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Wicked at The Apollo Victoria is a relatively new kid on the block in the family of West End musicals. Now in its seventh year, it has survived any early growing pains, but has yet to achieve the longevity of some of its more long-running siblings. But it already has the feel of an established part of the scene and shows every sign of being around for some time to come.
Subtitled ‘The Untold Story of the Witches of Oz’, it does just that. In a narrative running parallel to the off-stage story of Dorothy and her journey down the yellow brick road, we see how the wicked witch became so dastardly, how the tin man lost his heart, the creation of the scarecrow, the cowardliness of the lion (and so on) until the witches themselves encounter the Wizard of Oz. It’s witty, with much irony for those who know the original story of Dorothy, to which there are many knowing doffs of the witches’ pointed hats. It is also overflowing with stories of good and evil, the need to be true to one’s friends, but overpoweringly the importance of being good and true to oneself.
There are some tremendous performances, packing a punch in this huge venue. In the leads Rachel Tucker (Elphaba) and Gina Beck (Glinda) are particularly impressive, carrying the weighty roles of the Wicked and Good witches who also bear the burden of the central question of the evening, the meaning and manifestation of good and evil. And in a very strong supporting cast, Julie Legrand stands out, playing Madame Morrible as one imagines Maggie Smith might take on Margaret Thatcher: imposing and risible in equal measure.
There can’t be much room for subtlety in the cavernous 2,300-seater Apollo Victoria and everything is on a suitably grand scale. Even the story, with its many strands of relationships lost, found, unrequited and unknown plasters everything on three layers thick, with klaxons and bells and whistles sounded at every turn to alert the audience to another Damascene moment. But perhaps this has to be the style in order to capture the attention of an otherwise inattentive audience.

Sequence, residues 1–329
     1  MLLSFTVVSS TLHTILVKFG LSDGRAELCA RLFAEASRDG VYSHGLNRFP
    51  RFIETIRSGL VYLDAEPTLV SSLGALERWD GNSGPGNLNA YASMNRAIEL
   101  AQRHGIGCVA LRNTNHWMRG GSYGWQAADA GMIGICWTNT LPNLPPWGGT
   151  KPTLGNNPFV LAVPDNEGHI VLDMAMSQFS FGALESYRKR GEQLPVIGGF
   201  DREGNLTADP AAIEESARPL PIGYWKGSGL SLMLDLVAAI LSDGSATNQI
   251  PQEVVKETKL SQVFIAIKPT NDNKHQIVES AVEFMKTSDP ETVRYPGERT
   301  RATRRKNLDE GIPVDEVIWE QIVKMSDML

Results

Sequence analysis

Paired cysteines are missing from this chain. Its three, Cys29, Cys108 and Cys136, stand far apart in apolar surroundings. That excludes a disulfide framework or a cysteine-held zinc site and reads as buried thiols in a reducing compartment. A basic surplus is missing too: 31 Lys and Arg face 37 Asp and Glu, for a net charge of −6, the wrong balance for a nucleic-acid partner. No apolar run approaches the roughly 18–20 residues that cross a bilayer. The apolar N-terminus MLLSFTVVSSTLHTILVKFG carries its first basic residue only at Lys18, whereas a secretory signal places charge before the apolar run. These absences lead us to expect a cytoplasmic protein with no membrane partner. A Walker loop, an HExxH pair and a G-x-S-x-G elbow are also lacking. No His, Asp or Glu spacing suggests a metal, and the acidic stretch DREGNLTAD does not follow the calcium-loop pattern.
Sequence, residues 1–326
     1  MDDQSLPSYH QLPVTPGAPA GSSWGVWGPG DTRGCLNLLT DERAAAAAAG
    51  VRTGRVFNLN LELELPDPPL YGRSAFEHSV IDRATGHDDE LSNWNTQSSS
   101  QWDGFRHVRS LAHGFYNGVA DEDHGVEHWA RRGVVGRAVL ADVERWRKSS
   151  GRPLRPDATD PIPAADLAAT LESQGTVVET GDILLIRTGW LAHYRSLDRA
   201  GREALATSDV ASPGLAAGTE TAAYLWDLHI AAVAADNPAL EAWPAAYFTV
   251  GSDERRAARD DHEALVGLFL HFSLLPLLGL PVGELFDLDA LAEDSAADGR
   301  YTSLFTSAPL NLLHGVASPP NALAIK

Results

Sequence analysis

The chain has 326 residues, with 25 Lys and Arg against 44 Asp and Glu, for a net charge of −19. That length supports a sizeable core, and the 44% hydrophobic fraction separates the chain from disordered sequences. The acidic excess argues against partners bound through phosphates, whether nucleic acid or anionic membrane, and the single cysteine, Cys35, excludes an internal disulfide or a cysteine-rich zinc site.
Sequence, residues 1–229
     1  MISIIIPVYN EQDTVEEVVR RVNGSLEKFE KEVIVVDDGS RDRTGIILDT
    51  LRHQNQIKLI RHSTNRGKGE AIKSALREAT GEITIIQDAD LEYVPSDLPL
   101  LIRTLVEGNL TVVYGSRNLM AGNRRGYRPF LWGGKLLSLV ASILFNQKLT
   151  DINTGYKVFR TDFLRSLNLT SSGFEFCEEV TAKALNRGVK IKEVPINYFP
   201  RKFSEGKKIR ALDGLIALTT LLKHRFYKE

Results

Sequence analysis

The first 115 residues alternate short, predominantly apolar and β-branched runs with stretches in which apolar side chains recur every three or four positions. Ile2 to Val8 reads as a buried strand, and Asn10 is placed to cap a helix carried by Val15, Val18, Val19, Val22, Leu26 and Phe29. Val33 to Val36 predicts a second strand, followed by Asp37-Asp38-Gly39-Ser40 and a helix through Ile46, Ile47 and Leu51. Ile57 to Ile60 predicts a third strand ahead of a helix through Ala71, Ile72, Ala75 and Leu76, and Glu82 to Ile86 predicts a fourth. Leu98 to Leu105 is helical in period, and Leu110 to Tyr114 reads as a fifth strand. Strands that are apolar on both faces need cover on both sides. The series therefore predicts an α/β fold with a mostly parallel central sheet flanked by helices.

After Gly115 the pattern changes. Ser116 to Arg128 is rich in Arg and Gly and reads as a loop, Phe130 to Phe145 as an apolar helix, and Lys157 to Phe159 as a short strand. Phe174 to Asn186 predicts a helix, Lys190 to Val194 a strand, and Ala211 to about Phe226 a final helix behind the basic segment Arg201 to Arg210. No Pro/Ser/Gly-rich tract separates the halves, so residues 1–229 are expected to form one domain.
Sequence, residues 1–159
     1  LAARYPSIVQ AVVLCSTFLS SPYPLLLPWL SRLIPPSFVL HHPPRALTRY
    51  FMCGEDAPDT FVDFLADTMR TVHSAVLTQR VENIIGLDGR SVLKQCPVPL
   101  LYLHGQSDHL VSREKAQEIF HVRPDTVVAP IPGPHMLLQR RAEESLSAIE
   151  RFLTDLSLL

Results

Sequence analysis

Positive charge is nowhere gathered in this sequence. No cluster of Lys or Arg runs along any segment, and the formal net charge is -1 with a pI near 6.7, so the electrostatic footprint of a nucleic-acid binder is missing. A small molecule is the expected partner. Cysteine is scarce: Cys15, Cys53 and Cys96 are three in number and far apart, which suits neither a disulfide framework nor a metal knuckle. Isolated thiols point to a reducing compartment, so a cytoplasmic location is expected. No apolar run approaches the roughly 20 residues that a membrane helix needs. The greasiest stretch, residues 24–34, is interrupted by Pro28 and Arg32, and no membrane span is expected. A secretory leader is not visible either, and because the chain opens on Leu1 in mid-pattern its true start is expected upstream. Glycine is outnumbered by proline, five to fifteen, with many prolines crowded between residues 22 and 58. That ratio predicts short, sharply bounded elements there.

For here’s the question: which came first, the inattentive audience, or the show that fails to grab and maintain the audience’s attention? I was astonished by the number of white and blue screens that lit up the auditorium as audience members checked and sent emails and texts; the number of full blown conversations (rather than observational asides) that went on between members of the audience, sometimes requiring people to lean forward to commune with someone three or four seats along the row; and the number of people who simply got up and strolled in and out of their seats at the most inappropriate times.
But this isn’t a new phenomenon. Ironically I had exactly the same experience at this musical’s “sister” show, The Wizard of Oz, at The Palladium. There I had put it down to the fact that the good Lord Webber’s TV audition process had brought a television audience into the theatre, with television-watching habits. And, in all honesty, the theatre world must be pleased that at least there is an audience at all rather than these shows playing to empty houses, and embrace it.
Unfortunately, however, it does seem that the production then becomes a product of its audience and its expectations. Whilst everything about the production is Spectacular (with a capital ‘S’), it achieves this at the expense of its heart and soul. Technically the production cannot be faulted. The designs, the costumes, the technical wizardry (in every sense) are all stunning. The lighting and sound in particular are miraculous – ironically, it is in these departments that there is some real subtlety on display and, even from the very top of the dress circle, every word and syllable is audible when the audience allows it to be.
But like the Tin Man himself, the show can leave you in search of its heart. Even the iconic number ‘For Good’, so eagerly anticipated and welcomed by a cheering and clapping audience, has had its heart produced out of it.
However, that number, other moments, and the entire show had the audience in raptures and on its feet, like a deftly timed key change in X-Factor. It is a production which has got the formula absolutely right, hits all of the right buttons of its target audience and therefore, unsurprisingly, is an enormous success. It thoroughly deserves to be rewarded for finding its niche with such panache and will undoubtedly be running for many more years to come.